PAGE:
Wood Pellet Stove History
Wood Pellet stoves have been around since the 1980s but first saw massive popularity in the early 21st century. Because they are so new in the eyes of the public, many people still think of them as a kind of wood stove that burns little pellets instead of pieces of cord wood, but in reality the differences far outweigh the similarities.
Green Clean Wood Pellet Advantage
One of the major advantages of pellet stoves is how clean they burn. While wood pellets can be made from any type of unused wood or even some grasses, they are mostly made from sawdust – a waste substance and industrial byproduct.
The sheen on the edges of a wood pellet lead many people to assume there is some kind of glue that holds them together. That’s not true. Instead, heat is used when wood pellets are made to turn the natural lignin in wood into a firm material that holds the pellets together.
Wood pellets can not contain used wood, such as parts from an old deck or furniture. That’s because used wood is often pressure-treated and may be coated with varnish or paint. These chemicals would become vaporous if burned and get into the air.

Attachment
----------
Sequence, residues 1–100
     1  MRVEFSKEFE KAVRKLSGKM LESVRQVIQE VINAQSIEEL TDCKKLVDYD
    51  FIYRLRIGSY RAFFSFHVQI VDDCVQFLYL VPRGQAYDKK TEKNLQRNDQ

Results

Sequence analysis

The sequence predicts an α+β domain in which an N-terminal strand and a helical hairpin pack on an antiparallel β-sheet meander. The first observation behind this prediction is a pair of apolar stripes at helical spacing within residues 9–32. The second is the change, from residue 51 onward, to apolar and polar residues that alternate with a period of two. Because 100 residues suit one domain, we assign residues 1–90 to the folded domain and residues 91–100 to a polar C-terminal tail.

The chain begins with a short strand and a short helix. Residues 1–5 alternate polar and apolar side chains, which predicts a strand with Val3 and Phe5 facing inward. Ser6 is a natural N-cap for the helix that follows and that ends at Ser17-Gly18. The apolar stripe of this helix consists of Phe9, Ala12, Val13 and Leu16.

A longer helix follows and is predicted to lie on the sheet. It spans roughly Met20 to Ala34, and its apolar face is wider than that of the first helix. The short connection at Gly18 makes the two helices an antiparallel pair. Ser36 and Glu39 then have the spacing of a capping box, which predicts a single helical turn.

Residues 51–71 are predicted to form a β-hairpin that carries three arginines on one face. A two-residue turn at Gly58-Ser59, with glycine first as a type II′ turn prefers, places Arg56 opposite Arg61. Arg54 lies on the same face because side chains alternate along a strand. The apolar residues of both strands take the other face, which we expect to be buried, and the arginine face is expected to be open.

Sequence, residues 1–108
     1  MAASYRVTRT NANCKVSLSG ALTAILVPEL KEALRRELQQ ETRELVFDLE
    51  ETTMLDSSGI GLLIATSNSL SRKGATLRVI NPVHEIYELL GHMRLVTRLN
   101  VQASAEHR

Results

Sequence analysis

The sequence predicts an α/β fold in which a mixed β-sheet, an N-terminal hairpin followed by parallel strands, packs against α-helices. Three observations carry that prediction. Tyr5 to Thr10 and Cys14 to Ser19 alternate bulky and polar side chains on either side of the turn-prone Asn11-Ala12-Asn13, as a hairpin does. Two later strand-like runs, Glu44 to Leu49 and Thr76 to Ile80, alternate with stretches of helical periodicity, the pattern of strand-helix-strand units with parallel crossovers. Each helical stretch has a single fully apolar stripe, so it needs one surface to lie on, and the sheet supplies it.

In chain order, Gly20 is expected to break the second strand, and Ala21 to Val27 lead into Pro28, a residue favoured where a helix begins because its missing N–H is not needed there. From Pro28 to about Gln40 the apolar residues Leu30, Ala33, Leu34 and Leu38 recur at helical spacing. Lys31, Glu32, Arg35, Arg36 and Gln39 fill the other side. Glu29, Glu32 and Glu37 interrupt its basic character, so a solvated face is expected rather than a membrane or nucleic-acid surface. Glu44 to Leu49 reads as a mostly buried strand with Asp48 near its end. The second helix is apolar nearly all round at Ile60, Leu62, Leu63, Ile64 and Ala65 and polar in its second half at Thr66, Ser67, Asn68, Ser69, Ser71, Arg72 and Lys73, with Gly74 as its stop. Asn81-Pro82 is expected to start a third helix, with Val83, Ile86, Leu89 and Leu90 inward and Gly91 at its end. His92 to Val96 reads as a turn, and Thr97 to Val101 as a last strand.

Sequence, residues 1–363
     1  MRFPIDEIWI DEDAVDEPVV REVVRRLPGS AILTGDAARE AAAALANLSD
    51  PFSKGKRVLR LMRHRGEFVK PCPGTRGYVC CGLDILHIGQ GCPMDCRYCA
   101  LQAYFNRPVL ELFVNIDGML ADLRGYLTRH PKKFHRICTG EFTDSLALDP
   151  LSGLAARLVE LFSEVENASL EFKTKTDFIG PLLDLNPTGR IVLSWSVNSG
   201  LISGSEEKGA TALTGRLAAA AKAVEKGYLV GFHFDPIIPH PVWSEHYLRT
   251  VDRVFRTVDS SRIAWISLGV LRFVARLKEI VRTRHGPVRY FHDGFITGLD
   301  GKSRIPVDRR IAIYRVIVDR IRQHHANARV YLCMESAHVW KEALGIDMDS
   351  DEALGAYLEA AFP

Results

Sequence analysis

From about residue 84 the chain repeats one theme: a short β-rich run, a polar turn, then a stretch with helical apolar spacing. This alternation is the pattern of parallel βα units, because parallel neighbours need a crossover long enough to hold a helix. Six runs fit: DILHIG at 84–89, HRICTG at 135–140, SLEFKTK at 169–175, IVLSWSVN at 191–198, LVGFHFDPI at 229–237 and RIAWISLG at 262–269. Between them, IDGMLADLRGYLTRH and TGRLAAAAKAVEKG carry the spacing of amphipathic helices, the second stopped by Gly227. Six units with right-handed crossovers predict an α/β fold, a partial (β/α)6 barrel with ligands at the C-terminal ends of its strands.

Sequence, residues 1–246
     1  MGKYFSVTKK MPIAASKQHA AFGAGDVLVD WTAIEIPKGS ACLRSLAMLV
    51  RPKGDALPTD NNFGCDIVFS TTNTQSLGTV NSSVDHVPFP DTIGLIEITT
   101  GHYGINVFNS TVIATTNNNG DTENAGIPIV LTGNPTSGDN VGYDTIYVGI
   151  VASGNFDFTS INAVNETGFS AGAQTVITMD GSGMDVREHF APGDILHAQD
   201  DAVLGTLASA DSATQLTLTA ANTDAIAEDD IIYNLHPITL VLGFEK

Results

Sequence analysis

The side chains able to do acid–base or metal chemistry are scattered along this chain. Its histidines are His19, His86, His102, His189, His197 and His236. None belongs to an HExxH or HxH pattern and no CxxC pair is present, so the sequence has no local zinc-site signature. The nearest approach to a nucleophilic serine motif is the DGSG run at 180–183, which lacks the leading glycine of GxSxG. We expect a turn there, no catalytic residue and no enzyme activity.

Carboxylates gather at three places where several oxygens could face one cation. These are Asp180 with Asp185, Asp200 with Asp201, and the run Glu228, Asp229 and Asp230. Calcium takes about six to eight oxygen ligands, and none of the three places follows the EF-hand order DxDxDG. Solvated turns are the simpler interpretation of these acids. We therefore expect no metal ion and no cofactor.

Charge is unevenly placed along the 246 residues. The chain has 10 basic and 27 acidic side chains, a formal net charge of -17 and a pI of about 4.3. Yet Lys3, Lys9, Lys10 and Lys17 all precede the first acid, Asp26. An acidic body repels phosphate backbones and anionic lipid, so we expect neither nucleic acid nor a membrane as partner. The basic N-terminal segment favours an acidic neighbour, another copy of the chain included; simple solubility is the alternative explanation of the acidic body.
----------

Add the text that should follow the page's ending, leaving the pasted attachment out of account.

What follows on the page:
The purity of the wood and the efficiency of pellet stoves means very little smoke is produced from burnt wood pellets. Smoke is essentially a mist of gases and unburnt pieces of the burnt substance, but almost all of the pellet is combusted so there is little material left to become smoke. especially when compared to a traditional wood stove.
Pellet stoves also create less creosote, which is the black substance that builds up inside chimneys and the inside of a fireplace. A pellet stove will have creosote buildup over time, but it’s a very slow process.
Unfortunately, even a piece of pure virgin wood contains some components that will not burn, such as minerals like calcium and potassium that occur naturally in trees. These minerals are destined to become ash when burned, but there will be far less ash then you will get from a wood stove. We sell a wide variety of wood pellets containing many different kinds of wood, from pure hardwood to soft fir pellets.